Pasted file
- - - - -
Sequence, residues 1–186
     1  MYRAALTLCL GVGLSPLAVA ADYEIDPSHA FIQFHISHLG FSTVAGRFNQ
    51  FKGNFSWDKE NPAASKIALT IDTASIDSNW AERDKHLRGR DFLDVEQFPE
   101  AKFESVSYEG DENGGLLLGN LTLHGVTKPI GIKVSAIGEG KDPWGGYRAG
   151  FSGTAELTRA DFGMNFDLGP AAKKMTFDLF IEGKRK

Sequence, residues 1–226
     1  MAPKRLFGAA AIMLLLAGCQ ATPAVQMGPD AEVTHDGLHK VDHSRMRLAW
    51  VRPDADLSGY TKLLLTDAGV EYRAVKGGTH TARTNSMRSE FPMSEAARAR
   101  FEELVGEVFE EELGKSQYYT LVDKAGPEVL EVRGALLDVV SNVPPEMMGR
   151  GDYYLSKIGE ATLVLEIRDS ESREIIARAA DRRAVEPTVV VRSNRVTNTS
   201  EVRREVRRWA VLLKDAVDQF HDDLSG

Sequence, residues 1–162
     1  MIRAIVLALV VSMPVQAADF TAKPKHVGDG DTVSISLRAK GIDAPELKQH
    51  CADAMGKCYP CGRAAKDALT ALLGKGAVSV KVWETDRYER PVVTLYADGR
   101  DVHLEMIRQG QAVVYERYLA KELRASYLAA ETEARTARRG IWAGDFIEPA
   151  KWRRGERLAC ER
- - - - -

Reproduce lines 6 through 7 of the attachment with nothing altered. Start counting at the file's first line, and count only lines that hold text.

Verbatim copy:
Sequence, residues 1–226
     1  MAPKRLFGAA AIMLLLAGCQ ATPAVQMGPD AEVTHDGLHK VDHSRMRLAW